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What Is the Connection between Hypothyroidism and Palpitations?

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  • Written By: Synthia L. Rose
  • Edited By: Shereen Skola
  • Last Modified Date: 05 September 2016
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Hypothyroidism and palpitations are not directly linked because hypothyroidism is characterized by a reduction in thyroid activity and corresponds with a slower heart beat unlike hyperthyroidism which increases heart rhythm and can cause palpitations. There appears to be an indirect link between hypothyroidism and palpitations, however. Research shows palpitations can be triggered by medicine prescribed to treat reduced thyroid activity and by mitral valve prolapse, a heart condition commonly acquired by people with long-term hypothyroidism.

People with sluggish thyroid glands that fail to produce enough hormones to properly maintain metabolism or body temperature often take medication containing synthetic thyroid hormones to alleviate the problem. A side effect, however, is that these artificial hormones, such as the commonly prescribed levothyroxine, when taken in large doses over a lengthy period of time, can trigger abnormal heart rhythms or an accelerated heart rate. Levothyroxine is commonly prescribed under the brand names of Levoxyl® and Synthroid®.

When these medications result in the dangerous presence of hypothyroidism and palpitations, the situation can be treated by having a physician reduce the levothyroxine dosage or halt it altogether. Dose reduction is not a short process, however. Finding the right dose may require experimentation and monitoring over several months since each person’s needs vary according to diet and the thyroid gland’s condition.

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Since synthetic hormones can remain active in the body for up to four weeks, it may take a month for palpitations linked to medication to subside. If a person decides to cease the intake of synthetic thyroid hormones completely, other therapies can be used to treat hypothyroidism, such as iodine. Too much iodine, however, can lead to hyperthyroidism, an overgrown thyroid, and the return of palpitations. In some cases, it can inhibit the thyroid from functioning at all.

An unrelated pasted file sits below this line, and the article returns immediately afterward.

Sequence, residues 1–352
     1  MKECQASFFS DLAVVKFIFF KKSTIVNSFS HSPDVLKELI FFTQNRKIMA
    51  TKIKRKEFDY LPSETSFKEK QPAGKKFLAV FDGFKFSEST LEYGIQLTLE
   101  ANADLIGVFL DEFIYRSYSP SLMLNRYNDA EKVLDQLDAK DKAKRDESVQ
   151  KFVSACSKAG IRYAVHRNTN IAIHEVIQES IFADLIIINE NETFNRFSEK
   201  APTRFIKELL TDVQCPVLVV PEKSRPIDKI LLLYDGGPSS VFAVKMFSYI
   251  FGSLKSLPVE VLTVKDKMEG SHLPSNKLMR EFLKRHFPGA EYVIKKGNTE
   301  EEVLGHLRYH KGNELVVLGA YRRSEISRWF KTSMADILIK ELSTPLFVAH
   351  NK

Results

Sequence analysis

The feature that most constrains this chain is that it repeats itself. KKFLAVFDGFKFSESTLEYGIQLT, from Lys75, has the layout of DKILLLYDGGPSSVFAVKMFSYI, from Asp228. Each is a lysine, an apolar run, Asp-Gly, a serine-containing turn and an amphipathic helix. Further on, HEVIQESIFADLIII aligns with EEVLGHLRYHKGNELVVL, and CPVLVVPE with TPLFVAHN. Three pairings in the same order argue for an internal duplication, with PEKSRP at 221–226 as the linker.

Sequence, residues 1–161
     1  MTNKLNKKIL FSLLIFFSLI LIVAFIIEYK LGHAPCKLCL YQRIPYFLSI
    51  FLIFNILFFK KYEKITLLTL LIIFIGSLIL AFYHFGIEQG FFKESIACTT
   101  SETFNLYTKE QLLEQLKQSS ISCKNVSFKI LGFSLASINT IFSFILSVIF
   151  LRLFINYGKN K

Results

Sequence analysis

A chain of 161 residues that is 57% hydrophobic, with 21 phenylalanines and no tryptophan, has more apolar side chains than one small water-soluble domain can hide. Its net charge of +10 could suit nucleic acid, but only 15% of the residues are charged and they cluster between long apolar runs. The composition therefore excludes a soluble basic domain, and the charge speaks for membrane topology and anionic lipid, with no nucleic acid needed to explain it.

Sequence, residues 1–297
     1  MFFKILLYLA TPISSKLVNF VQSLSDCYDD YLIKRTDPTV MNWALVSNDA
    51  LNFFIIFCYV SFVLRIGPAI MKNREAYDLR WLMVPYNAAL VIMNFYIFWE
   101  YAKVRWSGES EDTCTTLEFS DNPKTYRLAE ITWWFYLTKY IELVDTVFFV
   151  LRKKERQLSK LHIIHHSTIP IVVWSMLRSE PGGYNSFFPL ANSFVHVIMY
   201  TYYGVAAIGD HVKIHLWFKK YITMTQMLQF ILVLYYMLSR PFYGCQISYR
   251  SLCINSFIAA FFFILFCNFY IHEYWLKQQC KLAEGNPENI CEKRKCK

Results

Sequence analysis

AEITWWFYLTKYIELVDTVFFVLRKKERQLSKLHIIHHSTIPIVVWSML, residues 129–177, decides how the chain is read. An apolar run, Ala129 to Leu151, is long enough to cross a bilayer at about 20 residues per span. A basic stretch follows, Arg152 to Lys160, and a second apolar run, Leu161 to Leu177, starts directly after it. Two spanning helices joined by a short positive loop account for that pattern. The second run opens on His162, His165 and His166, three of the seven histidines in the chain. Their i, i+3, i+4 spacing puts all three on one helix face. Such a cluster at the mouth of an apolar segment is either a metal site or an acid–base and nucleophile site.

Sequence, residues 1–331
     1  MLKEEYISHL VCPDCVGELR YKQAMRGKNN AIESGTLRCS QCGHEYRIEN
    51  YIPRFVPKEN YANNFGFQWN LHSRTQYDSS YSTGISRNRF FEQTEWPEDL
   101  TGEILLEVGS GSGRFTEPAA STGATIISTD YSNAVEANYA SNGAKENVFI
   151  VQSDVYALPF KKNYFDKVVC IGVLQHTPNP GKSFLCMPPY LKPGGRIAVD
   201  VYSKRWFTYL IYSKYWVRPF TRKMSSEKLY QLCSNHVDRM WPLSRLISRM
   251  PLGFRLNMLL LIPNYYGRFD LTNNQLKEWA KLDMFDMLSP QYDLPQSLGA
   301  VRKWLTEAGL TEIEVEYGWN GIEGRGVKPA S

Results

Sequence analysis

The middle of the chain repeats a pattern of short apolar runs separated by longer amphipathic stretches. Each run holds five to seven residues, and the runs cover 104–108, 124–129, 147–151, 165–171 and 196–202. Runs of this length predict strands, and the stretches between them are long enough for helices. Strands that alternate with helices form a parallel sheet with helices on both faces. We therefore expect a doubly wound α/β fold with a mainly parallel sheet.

People who suffer from long-term hypothyroidism may casually or coincidentally develop a condition known as mitral valve prolapse, also called irritable heart syndrome. The two conditions are so closely correlated that mitral valve prolapse is often considered a symptom of hypothyroidism. This syndrome occurs when the heart’s mitral valve flops downward and out of place or buckles inward. Mitral valve prolapse can also occur with any malfunction of the thyroid, including hyperthyroidism.

To avoid hypothyroidism and palpitations linked to this disorder, physicians suggest reducing the risk by maintaining proper iodine consumption and moderate protein intake. Hypothyroidism can be caused by both excess protein and insufficient protein, which can be a problem for those practicing either a vegan or vegetarian diet. High amounts of estrogen, including phytoestrogen from soy products, can also precipitate hypothyroidism. Environmental factors, like radiation and toxic chemicals, have also been linked to the development of hypothyroidism and palpitations.

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